For most taxpayers, it's unlikely that they will be audited by the IRS. But that doesn't mean it's completely out of the question. While the number of audits dropped to its lowest point in 14 years last year, the IRS knows that every $1 spent on audits brings in $4 to the Treasury Department. We spoke to several tax experts and found out just what the IRS is looking for when it's considering an audit and how you can trigger an audit through mistakes, oversights, and not-so-brilliant deductions.

DEVIATE FROM THE NORM

The IRS freely admits that it needs only a single anomaly to audit a return. Sometimes, audits are based solely on a statistical formula that your return had the misfortune of deviating from. The IRS develops those "norms" from audits of a statistically valid random sample of returns, as part of the National Research Program the IRS conducts. Basically, even some minor, unexplained glitch in your return can trigger an audit.

Steps Victims Can Take to Minimize Effect of Data Theft

steps-to-protect-victims-tax-law-IRSEvery day, the theft of personal and financial information puts people at risk of identity theft. Generally, thieves try to use the stolen data as quickly as possible to:

  • Sell the information to other criminals.
  • Withdraw money from a bank account.
  • Make credit card purchases.
  • File a fraudulent tax return for a refund using victims' names.

Victims of a data loss should follow these steps to minimize the effect of the theft:

  • Try to determine what information the thieves compromised. Compromised information may include emails and passwords, or more sensitive data, such as name and Social Security number.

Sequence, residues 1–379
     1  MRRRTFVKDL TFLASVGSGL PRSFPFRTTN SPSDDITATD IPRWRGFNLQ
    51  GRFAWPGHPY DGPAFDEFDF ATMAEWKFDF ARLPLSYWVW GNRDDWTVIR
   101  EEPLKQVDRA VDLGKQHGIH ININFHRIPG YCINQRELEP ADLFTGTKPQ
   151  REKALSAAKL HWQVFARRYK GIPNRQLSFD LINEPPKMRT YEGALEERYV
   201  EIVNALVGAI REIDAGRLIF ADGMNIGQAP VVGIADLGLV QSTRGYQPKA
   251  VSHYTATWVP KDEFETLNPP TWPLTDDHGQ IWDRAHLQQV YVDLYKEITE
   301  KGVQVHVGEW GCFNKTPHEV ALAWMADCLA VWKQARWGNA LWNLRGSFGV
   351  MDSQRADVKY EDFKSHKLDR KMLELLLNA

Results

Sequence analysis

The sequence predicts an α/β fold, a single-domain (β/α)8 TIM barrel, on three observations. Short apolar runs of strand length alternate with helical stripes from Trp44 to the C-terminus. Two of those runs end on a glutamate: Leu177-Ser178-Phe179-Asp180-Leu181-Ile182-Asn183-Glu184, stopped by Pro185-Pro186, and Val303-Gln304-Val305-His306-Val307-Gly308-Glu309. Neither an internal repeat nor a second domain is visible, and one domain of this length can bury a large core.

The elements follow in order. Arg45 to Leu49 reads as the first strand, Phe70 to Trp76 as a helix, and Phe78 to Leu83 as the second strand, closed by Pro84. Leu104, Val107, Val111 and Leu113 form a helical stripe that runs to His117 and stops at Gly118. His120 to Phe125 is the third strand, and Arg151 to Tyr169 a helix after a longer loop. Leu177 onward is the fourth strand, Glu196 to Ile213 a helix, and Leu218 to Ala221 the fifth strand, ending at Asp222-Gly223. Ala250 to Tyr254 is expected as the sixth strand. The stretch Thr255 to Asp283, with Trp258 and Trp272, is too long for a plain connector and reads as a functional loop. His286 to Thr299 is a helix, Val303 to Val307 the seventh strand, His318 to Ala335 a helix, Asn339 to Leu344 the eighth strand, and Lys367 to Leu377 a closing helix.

• Take advantage of credit monitoring services when offered by the affected organization.

  • Place a freeze on credit accounts to prevent access to credit records. It varies by state, but there may be a fee to place a freeze on an account. At a minimum, victims should place a fraud alert on their credit accounts by contacting one of the three major credit bureaus. A fraud alert isn't as secure as a freeze, but it's free.

  • Reset passwords on online accounts, especially those of financial sites and email and social media accounts. Use different passwords for each account. Some experts recommend at least 10-digit passwords, mixing letters, numbers and special characters. Victims may also wish to consider using a password manager or app.

Don't Fall for These 20 Common Tax Myths

tax-return-myth-jerry-jones-cpaOWE NO

To say the U.S. tax system is confusing is an understatement, so it's no wonder there are many misconceptions about the rules. The good news is that most people make less than $100,000 in a year and have no income other than their paychecks, so they can fill out the comparatively brief and very direct short form; almost everyone who uses the 1040EZ can fill it out themselves. For everybody else, though, the baffling mysteries of the tax code prevail, and can ultimately cost money. To help unravel some of the perplexities of the system, here are 12 common tax myths debunked. It might save money and sanity when the deadline rolls around.